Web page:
They agree that pink elephants are better...
Stan is given a breathalyzer test because the cops are sure he's drunk (blowing up a balloon attached to a tube or something). If I may tangent, I did not realize they had blow tests back in 1965, though Google tells me that early models were in use as early as 1954, but the standard balloon blow model didn't really see common police department usage until the later 1960s or early '70s. So, oddly, this is pretty high-tech for 1965 and its appearance in this crappy movie is unique (Stan doesn't even know what it is). Of course, Snooki doesn't have to pass the test, because she's a chick, and nor do either of them have to produce IDs to prove that the gray-haired WWII-veteran Stan isn't out here in the woods with what certainly looks like an underage teen girl (what was the age of consent in Texas in 1965?). Anyway, I'm bored, so now back to Pam (who doesn't have Snooki Polizzi hair) for the third part of this review.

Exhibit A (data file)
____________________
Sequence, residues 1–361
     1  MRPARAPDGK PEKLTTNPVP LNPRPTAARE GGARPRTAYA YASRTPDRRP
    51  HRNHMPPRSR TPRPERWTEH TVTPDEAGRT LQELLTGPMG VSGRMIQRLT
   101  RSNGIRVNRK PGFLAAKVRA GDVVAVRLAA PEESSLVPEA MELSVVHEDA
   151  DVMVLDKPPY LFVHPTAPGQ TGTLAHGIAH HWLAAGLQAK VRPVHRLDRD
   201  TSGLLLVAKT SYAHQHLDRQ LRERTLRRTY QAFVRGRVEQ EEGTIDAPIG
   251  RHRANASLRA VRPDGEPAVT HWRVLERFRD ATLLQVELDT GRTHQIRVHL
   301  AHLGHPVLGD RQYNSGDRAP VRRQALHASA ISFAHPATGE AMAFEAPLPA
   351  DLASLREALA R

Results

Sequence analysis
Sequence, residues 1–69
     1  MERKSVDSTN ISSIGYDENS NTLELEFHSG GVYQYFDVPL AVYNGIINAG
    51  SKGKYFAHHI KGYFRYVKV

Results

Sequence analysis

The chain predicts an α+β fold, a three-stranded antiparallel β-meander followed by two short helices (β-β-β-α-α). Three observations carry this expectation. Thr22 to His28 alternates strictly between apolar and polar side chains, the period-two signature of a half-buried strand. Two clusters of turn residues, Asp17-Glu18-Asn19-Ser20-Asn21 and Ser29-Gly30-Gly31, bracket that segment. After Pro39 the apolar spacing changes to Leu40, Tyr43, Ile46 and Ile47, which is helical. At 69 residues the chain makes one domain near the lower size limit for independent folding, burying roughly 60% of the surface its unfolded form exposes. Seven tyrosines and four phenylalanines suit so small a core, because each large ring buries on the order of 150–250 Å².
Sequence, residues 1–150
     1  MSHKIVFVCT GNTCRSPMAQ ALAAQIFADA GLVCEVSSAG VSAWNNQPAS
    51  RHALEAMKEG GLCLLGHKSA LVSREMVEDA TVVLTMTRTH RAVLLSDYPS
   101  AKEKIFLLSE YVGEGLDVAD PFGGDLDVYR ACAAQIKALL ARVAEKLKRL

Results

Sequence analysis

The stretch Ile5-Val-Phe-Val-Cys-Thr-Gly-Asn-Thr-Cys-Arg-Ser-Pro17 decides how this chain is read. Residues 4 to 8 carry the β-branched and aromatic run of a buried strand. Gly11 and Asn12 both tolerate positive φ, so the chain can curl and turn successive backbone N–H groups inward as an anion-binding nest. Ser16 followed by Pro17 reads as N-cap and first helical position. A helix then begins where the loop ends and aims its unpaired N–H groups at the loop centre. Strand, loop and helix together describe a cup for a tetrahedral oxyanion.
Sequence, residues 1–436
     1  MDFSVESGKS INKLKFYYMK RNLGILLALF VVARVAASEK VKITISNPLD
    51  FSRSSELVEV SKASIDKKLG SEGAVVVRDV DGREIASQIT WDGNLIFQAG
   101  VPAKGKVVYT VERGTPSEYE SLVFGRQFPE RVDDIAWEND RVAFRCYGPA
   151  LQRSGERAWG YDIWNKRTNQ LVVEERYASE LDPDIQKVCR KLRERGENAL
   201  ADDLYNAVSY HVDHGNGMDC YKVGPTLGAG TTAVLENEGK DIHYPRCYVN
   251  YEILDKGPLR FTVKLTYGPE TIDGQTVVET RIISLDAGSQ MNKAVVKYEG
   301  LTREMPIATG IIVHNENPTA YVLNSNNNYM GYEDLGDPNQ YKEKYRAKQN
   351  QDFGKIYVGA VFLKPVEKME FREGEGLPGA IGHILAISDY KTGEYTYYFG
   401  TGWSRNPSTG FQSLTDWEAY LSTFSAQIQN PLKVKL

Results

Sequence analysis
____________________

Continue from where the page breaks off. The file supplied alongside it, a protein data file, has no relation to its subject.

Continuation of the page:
You bet your life I don't have Snooki Polizzi hair. I hate to think what all the hairspray she must use is doing to the ozone layer. Not to mention the time she must waste every day, making it look like that. Cynthia Hull, the actress who plays Snooki, was too unimportant for IMDb to have a date of birth for her, so I don't know if she was over the age of consent in 1965. But since this is Texas, the age of consent was probably about 12, so more than likely she's legal.
A few years later Cynthia Hull was hanging with the Monkees, where she cleaned up real nice.